Validating SQLalchemy

I have used SQLalchemy for a few projects and one of the things that annoys me, not so much from the structure, but the effects of code inside strings. All code is text which is parsed, however, we have inside IDE’s and for me inside VIM the ability to see the syntax errors as we are coding. No such thing exists for the code inside the strings which specify the joins of the relations in SQLalchemy.

For this project, there are some core things the program needs to be able to do.

  • Discover the file which contains the table object mappings
  • Look for relation strings in those objects
  • Validate the syntax of those strings
  • Check that tables/columns referenced are valid
  • Maybe enforce a syntax styling rule

The file discovery shouldn’t be too taxing; most SQLAlchemy projects have a single folder in which the table objects are stored and each table needs to inherit from an sqlalchemy declarative base object.

I thought that this project would be a good opportunity to learn elements of Python’s AST module which allows for the dealing with abstract syntax trees.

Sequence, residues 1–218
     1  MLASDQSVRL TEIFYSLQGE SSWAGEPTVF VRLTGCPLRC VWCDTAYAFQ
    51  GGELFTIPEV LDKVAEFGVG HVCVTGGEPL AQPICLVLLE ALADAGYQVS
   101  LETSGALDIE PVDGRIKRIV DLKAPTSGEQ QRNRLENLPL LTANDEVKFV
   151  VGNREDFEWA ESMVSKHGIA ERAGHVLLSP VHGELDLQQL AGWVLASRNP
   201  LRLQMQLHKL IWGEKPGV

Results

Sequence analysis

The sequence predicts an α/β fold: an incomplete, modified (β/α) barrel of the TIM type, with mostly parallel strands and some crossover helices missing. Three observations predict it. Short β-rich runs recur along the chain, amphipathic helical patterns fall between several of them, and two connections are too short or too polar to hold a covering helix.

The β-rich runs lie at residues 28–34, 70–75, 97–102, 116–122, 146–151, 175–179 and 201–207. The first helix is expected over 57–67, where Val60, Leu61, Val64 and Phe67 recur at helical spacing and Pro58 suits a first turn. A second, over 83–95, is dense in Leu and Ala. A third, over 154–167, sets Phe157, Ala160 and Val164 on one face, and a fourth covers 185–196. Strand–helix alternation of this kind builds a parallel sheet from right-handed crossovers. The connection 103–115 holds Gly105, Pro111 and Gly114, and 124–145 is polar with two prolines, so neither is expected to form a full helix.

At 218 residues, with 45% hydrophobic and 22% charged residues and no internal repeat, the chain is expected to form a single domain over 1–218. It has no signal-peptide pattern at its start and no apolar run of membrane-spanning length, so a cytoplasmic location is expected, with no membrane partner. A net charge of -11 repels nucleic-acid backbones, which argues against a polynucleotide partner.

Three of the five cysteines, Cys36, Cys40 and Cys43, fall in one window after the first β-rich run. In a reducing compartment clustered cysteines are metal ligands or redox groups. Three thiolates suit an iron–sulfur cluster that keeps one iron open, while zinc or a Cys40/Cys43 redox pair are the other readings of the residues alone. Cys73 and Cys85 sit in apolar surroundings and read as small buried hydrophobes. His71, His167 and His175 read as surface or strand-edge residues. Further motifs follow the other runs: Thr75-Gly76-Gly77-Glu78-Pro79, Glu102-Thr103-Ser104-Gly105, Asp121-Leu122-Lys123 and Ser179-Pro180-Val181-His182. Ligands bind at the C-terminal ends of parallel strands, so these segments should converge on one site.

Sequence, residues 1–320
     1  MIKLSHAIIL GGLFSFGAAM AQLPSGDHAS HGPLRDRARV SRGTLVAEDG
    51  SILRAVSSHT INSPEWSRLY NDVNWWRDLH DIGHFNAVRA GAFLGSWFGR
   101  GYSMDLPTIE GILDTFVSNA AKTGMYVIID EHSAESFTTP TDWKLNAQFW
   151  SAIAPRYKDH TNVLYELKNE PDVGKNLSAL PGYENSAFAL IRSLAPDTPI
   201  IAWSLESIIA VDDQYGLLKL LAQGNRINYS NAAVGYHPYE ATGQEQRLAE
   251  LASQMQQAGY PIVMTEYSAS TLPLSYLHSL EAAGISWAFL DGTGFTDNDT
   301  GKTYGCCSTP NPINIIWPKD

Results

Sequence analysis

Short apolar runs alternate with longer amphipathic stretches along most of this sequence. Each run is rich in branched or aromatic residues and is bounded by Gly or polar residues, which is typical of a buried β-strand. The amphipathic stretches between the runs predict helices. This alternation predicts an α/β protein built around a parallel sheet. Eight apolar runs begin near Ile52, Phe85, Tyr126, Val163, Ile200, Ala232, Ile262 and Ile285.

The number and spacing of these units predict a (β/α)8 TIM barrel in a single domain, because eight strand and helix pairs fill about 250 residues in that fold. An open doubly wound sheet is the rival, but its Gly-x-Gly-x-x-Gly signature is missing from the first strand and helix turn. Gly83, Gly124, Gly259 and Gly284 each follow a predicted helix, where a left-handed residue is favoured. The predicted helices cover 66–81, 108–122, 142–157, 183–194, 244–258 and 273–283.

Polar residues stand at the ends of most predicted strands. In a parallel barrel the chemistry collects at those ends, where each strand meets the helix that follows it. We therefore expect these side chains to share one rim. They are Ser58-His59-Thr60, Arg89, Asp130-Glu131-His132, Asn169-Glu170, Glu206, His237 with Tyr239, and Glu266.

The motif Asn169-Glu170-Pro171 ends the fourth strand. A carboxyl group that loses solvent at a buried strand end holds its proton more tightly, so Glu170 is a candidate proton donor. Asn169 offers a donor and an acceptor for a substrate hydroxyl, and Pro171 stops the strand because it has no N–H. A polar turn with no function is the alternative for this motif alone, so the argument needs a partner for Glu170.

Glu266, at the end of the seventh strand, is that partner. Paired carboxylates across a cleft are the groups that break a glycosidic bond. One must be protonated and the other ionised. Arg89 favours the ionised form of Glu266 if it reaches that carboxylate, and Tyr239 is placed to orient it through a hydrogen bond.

Using AST I can parse the strings which are the declared joins for the SQLAlchemy objects.

I really like the idea of getting an intuitive understanding and a proficiency with AST because it would make it easier to code on another level. Like how text search is to regex, I think using AST could be to writing code.

One of the day to day coding elements it would allow for is the automatic propagation of information through a pure call stack. That would keep the functions pure and therefore easier to understand and test while not taking a long time to work out where the information should come from and how it should be passed down.

You might argue that this would lead to functions with a large number of calling arguments, and alone the previous suggestions would, but with AST a few lines in the repl loop or a function that ran in the background and you would have suggestions of creating objects where common arguments are passed together. The developer can then see where useful abstractions might be drawn and improve the readability of the whole codebase.

No global variables needed, nor their modern counterpart, class-level variables used as globals.

Certainly a project to add to the pile.


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